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February 4, 2020

House Hopeful Could Get Trump Association Lift
with Rick Perry in Camp for Fight with Wilks Family

By Mike Hailey
Capitol Inside Editor

Jon Francis (R)
House District 60
30-Day Report: $16,275
Total Donations: $626,292
Campaign Loans: $40,936
Cash on Hand: $341,389
Glenn Rogers (R)
House District 60
30-day Report: $57,678
Total Donations: $161,904
Campaign Loans: $50,100
Cash on Hand: $93,302
Kellye SoRelle (R)
House District 60
30-Day Report: $760
Total Donations: $14,187
Campaign Loans: $0
Cash on Hand: $1,191
Christopher Perricone (R)
House District 60
30-Day Report: $760
Total Donations: $760
Campaign Loans: $0
Cash on Hand: $175

Source: Texas Ethics
Commission

 

 

Texan Rick Perry's intervention on an establishment Republican's behalf could have a game-changing effect in an open Texas House battle in a district where the chief primary foe is married to the leading tea party financier in the Lone Star State.

Perry - the former governor who'd been an original member of President Donald Trump's cabinet until stepping down last fall - will be giving GOP hopeful Glenn Rogers of Graford a critical boost when he campaigns for him later this week in House District 60.

Perry revealed his plans to stump for Rogers as the HD 60 contender revealed another major ally with a $30,000 contribution that he received from the Texas Farm Bureau's political action committee in January and reported to the state this week.

Perry's active support will effectively put the president in Rogers' corner for all practical purposes by virtue of his association with the White House as the energy secretary until stepping down last fall while still on good terms with Trump.

The ex-governor's emergence in the relatively rural district represents a significant setback for Jon Francis - a Cisco Republican who'd appeared to be the frontrunner in HD 60 with a massive infusion of cash from father-in-law Farris Wilks and other members of his wife's family after entering the competition belatedly in December.

Moderate Republicans had complained that Wilks had been attempting to buy the House seat after GOP State Rep. Mike Lang of Granbury paved the way for Francis' entry into the ring by waiting until the day after the December filing deadline to pull the plug on a re-election race. The timing of Lang's withdrawal prompted election officials to extend the deadline for filing for a spot on the primary ballot in HD 60 by a week. Francis signed up to run on the day that window closed on the expanded enrollment period.

Wilks has bankrolled the hard right in Texas since Perry won his final term as the state's chief executive in 2010. Lang had depended heavily on Wilks family money in two winning campaigns in HD 60. Establishment forces have raised the specter that Lang's decision not to run again after months of wavering had been choreographed in a way that would reduce the primary competition for Francis.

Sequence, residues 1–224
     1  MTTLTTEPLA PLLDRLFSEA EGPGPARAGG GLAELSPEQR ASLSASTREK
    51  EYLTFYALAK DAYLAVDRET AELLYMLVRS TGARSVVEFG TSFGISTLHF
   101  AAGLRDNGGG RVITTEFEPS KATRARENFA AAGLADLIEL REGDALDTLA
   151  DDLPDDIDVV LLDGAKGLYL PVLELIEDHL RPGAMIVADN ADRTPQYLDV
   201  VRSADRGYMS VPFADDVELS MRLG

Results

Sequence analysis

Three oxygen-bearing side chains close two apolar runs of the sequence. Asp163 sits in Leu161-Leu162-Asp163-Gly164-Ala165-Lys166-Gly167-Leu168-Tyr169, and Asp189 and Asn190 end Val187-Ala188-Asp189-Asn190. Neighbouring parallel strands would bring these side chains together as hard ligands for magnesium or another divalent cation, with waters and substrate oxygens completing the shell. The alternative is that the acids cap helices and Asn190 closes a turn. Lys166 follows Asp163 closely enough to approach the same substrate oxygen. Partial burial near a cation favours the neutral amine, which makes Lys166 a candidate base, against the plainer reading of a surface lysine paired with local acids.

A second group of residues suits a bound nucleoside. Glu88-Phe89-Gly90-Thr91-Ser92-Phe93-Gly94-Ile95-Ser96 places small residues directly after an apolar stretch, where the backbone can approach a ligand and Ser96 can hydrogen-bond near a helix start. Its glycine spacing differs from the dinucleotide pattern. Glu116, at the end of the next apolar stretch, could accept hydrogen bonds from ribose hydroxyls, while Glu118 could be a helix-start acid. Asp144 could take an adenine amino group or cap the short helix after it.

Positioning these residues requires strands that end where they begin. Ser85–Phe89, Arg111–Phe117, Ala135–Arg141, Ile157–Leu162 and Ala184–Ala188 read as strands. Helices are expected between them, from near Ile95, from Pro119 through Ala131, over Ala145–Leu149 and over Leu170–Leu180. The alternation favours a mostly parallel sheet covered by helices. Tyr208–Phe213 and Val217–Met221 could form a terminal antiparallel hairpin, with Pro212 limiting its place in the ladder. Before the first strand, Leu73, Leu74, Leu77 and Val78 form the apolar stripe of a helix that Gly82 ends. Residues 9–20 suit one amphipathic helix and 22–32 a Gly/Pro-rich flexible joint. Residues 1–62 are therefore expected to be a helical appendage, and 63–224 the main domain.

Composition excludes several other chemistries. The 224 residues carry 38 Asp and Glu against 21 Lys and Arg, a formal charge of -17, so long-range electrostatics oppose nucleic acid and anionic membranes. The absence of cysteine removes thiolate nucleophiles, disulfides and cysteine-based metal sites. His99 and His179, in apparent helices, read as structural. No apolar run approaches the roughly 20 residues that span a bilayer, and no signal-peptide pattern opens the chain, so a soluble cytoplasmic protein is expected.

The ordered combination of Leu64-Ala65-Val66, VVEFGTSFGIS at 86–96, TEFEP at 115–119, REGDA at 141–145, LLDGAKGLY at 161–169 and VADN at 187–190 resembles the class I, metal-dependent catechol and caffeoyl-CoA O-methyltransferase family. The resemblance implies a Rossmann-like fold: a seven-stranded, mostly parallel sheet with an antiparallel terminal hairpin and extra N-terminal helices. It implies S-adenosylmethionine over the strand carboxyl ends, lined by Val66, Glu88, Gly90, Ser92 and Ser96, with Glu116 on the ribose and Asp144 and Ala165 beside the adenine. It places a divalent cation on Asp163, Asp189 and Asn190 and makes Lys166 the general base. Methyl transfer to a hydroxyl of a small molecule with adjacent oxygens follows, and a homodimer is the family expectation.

Granbury attorney Kellye SoRelle and Rogers had both been preparing to challenge Lang in the March 3 primary election before the turn of events that put Francis in their paths as a potentially insurmountable obstacle. Mineral Wells Mayor Christopher Perricone had entered the GOP primary field in HD 60 on the final day of the initial filing period.

Francis - an officer in the Wilks family fracking business - wasted no time seizing the favorite status when he raised more than $600,000 from contributors in the final two weeks of 2019 with most of that coming courtesy of his spouse's relatives.

But after rounding up more than $100,000 during the second half of last year for the HD 60 race, Rogers demonstrated that he had no plans to back down from Francis and the Wilks when he raised almost $58,000 in the first three weeks of January when he beefed up his war chest even more with a $50,000 loan.

Francis still has a monstrous money advantage on paper with more than $341,000 in the campaign bank heading into the final month before the primary election. Rogers reported a cash balance of more than $93,000 late last month on his latest report that the Texas Ethics Commission made public on Tuesday.

Perry could be an equalizer for Rogers as a supporter whose value can't be measured in dollar signs. Rogers, a veterinarian whose clinic is based in Mineral Wells, is a Texas A&M University graduate like Perry.

While Francis appears to have access to an unlimited amount of money, he probably would find that any additional funds that he raises would have a diminishing value in a state House race that will be unfolding in Trump's long shadow now with Perry taking sides in the fight.

The ex-energy secretary who ran for president twice entered the political arena in the 1980s as a Democrat in the Texas House that the state's current minority party still controlled at the time. Perry switched to the GOP in 1989 before a winning race for Texas agriculture commissioner the following year. Perry was elected lieutenant governor in 1998 before his ascension to the state's top job two years later in the wake of Republican George W. Bush's election as president.

SoRelle appears to be fading, however, after reporting only $760 in contributions in January when she had less than $1,200 in cash on hand on the 23rd day of the month. Perricone raised 73 cents more than SoRelle last month after submitting a December report that listed nothing but zeroes on the donations line.

But Perricone and SoRelle could play the spoiler's role if they garner enough support in the March primary vote to force a runoff that would most likely pit Rogers against Francis in the heavily Republican district where no Democrats are running in 2020.

 

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